Music has a way of dating itself. I’m not talking just the instrumentation and production of music although that is probably the easiest way to recognize songs from the 1970s, 1980s, 1990s, etc. Not very many artists in the modern era use disco hi-hats, saxophone solos, and sludgy guitars. But another way music shows its age is through outdated pop culture lyrics.
References to defunct brands, old technology, and even the year the song was released make it easy to carbon date lyrics. For instance, Escape Club told us in their 1989 hit “Wild Wild West” that they were: living in the ’80s and heading for the ’90s. 3rd Bass told us exactly what year their Gabriel-sampled hit “Pop Goes the Weasel” was released: It’s ’91 son, so something’s gotta change. Asia’s break through hit “Heat of the Moment” also gives carbon dating in the lyrics: And now you find yourself in ’82.
But what amuses me most while listening to decades-old music are songs that have outdated pop culture lyrics. They impact me in two different ways. One way is I find myself chuckling at the lyrics because I had not remembered them. The other way is I find myself singing those lyrics louder during the song because I miss what they are talking about or have a family member near me that has no idea what the song is referencing. Either way, carbon-dated lyrics give music character and better define the era they were released.
Here are 12 songs featuring some of my favorite examples of outdated pop culture lyrics:
Bel Biv Devoe “Do Me” (1990)
Lyric: The time was six o’clock on the Swatch watch
I know the Swatch company is still “ticking” but I was thinking their 15 “minutes” of fame was mainly in the ’80s. Apparently, Michael Bivins didn’t get the memo in 1990.
Lyric: I blew out my flip flop. Stepped on a pop top
Man, pop tops on soda cans were dangerous back in the day. They were sharp and people just chucked them anywhere. Jimmy should be thankful he was lamenting a flip flop instead of his big toe.
Lyric: Sucking on a chili dog outside the Tastee Freez
Mellencamp’s little ditty about heart land kids actually contains a couple outdated references. My favorite is the Tastee Freez restaurant chain because my little one stoplight town in PA had one that I ate at all the time. The other reference is to Diane’s “Bobby Brooks” that Jack wanted to dribble off. Bobby Brooks was a popular brand of women’s clothing at the time, with their most popular item being blue jeans. (John, you bad boy!)
Dire Straits “Money For Nothing” (1985)
Lyric: I want my MTV
The 2nd Best Music Video of the ’80s contains some carbon dating. The obvious reference is what we all were saying in the early ’80s: I Want My MTV! The other subtle reference is moving Color TVs. While most households had color televisions sets by this time, black and white sets were still among the living.
Lyric: We got it all on UHF
Speaking of television sets, “UHF” references many outdated TV references like Throw out your TV Guide, Don’t touch that dial, and Yank off the knob. Sadly, no one uses physical copies of TV Guide anymore or has dials and knobs on their 4K Smart TVs. But the main outdated lyric is the title itself referring the time when televisions received channels through UHF (Ultra High Frequency) and VHF (Very High Frequency) radio waves.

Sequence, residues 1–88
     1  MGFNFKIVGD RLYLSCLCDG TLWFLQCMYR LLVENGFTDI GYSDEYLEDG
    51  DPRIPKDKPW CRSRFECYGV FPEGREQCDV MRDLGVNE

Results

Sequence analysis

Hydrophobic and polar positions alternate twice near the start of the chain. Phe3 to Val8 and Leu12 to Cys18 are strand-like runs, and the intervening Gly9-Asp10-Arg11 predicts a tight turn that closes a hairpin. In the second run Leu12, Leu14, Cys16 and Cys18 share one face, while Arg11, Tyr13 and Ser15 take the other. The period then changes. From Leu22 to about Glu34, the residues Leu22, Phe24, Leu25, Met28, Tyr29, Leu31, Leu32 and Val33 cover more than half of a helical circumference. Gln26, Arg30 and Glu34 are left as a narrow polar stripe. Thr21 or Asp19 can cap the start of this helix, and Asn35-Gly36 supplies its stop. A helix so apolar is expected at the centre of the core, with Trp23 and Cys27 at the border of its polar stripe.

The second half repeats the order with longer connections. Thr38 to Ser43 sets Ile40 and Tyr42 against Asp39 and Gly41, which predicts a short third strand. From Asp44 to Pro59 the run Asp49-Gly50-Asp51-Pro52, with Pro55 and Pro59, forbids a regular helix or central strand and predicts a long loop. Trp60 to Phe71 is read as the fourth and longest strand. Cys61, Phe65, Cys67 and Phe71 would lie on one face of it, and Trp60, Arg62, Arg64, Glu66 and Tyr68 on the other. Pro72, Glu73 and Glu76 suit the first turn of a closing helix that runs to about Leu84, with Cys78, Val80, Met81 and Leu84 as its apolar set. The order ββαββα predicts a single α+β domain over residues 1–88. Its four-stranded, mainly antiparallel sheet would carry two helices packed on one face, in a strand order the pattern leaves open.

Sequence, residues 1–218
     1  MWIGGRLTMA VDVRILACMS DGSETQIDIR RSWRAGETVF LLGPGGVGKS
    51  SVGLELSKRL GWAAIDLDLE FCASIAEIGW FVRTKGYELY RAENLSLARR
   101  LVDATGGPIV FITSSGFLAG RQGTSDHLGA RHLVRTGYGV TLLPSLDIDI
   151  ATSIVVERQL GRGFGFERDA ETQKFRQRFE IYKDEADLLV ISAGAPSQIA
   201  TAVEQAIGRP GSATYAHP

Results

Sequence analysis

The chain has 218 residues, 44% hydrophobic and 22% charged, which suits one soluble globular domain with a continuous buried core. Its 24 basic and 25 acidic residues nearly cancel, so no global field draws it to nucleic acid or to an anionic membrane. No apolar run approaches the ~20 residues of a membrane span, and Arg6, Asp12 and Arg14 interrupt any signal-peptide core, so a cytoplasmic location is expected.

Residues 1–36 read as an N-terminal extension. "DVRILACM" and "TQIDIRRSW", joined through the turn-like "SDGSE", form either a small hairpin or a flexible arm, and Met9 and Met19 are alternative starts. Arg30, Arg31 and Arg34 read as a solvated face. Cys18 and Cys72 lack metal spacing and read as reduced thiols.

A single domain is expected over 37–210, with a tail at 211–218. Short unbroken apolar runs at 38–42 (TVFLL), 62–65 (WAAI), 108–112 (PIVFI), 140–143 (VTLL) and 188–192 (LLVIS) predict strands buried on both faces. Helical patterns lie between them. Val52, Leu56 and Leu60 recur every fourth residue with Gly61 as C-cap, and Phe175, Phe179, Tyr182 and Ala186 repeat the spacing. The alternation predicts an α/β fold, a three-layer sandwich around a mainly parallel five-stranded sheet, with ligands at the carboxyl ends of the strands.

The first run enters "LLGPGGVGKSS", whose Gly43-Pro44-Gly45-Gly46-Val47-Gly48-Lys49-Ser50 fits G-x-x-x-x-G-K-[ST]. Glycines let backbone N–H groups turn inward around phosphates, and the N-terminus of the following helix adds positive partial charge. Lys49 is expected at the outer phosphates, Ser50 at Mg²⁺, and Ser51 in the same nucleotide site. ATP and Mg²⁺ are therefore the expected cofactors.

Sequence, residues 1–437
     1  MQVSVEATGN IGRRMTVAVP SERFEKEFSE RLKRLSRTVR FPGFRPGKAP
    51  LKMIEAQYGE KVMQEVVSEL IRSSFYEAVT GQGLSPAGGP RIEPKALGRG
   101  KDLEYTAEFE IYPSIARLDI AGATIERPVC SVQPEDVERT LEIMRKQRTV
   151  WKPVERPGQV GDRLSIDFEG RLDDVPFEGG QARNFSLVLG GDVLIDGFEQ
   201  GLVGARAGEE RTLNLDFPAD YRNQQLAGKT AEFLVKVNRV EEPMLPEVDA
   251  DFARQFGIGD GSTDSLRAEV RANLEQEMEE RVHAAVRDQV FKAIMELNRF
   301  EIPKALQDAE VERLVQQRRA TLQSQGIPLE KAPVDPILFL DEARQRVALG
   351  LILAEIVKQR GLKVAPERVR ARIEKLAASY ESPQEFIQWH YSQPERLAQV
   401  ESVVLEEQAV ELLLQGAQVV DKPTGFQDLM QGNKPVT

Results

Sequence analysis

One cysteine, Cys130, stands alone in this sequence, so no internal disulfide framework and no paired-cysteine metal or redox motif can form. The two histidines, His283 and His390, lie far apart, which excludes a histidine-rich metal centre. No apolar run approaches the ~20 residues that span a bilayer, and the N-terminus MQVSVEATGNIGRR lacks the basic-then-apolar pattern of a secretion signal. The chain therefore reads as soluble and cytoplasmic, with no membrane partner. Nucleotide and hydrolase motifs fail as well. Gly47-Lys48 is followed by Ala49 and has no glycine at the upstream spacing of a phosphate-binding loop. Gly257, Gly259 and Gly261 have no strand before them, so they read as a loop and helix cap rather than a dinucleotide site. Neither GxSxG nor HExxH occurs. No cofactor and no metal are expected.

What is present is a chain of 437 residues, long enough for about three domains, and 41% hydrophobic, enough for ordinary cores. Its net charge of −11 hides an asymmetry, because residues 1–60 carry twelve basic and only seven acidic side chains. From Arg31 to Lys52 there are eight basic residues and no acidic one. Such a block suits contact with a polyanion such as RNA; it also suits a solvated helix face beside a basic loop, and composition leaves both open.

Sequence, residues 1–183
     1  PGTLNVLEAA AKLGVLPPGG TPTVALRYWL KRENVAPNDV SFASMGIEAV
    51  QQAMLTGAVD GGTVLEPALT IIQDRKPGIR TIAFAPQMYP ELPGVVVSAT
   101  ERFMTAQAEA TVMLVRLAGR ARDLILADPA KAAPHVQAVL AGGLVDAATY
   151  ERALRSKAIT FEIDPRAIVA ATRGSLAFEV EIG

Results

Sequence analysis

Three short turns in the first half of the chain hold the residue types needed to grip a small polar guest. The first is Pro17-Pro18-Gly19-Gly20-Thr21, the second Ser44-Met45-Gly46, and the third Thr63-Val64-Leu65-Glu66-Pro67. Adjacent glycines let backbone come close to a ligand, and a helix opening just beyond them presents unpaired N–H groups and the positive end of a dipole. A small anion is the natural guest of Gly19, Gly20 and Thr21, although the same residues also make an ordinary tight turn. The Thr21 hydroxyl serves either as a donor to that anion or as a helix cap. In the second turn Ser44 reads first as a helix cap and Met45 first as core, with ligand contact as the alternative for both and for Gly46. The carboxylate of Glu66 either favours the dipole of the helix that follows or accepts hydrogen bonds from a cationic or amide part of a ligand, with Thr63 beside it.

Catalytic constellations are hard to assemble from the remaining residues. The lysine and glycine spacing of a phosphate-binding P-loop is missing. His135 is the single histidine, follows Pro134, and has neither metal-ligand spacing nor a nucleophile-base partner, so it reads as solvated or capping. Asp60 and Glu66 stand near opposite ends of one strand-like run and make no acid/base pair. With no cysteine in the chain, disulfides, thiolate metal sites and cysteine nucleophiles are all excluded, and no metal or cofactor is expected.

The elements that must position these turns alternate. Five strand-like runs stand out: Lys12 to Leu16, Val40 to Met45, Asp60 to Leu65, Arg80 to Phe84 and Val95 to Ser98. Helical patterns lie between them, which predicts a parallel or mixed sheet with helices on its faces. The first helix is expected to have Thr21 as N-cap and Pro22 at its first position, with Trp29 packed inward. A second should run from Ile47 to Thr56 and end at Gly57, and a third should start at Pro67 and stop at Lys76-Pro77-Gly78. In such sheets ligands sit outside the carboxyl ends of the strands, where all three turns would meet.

Lyric: So put another dime in the jukebox, baby
Jukeboxes are mostly a thing of the past now, especially “the record machine” that Jett references in the song. I’m not sure I remember them costing a dime (I remember it being a quarter,) but that lyric could date back to the original song release by the Arrows in 1975.
The Notorious B.I.G. “Juicy” (1994)
Lyric: Super Nintendo, Sega Genesis
I could probably make an entire list of outdated pop culture lyrics using just ’90s hip hop tracks. There are several references in Biggy’s first single including the warring video game consoles Super Nintendo and Sega Genesis. He also mentions Word Up! magazine which rose to popularity in the ’80s and being up close and personal with Robin Leach, the host of Lifestyles of the Rich and Famous which ran from 1984-95.
Lyric: You don’t have to watch Dynasty to have an attitude
The primetime drama Dynasty did have some attitude but unless you witnessed some of the cat fights first hand back in the day, the reference is easily lost in the modern era.
Lyric: Watching X-Files with no lights on
This song may be at the top of the list when it comes to referencing the most the most outdated things. X-Files (and its antagonist Smoking Man) is just one of many references in the song. Here’s a few more: LeAnn Rimes, Bert Kaempfert, Harrison Ford, Sting, Snickers, (Akira) Kurosawa, Sailor Moon, and Birchmont Stadium.
The Police “When the World Is Running Down, You Make the Best of What’s Still Around” (1980)
Lyric: Turn on my VCR
There are several songs that mention VCRs including The Buggles “Video Killed the Radio Star” from 1980. Sting also mentions James Brown on the T.a.m.i. show which was a 1964 documentary concert film. Plug in my M.C.I. to exercise my brain was not a reference to the famous telephone company but “Music Center Incorporated” which was a popular multi-track recorder.
Lyric: I know you called, I know you hung up my line, Star 69
Does *69 still work? I remember when it became a widely-known thing and prank phone calls seemed to be less of an option. Even if it was just a friendly game, parents knew *69 and would dial back to your friend’s house and let them have it for making a prank call.
Lyric: Shake it like a Polaroid picture
I don’t remember many people still using Polaroid instant cameras in 2004. The company actually declared bankruptcy in 2001 so maybe this lyric was a ploy to get people to buy up the remaining stock?
Your turn! Tell me some of your favorite songs with outdated pop culture lyrics in the comments!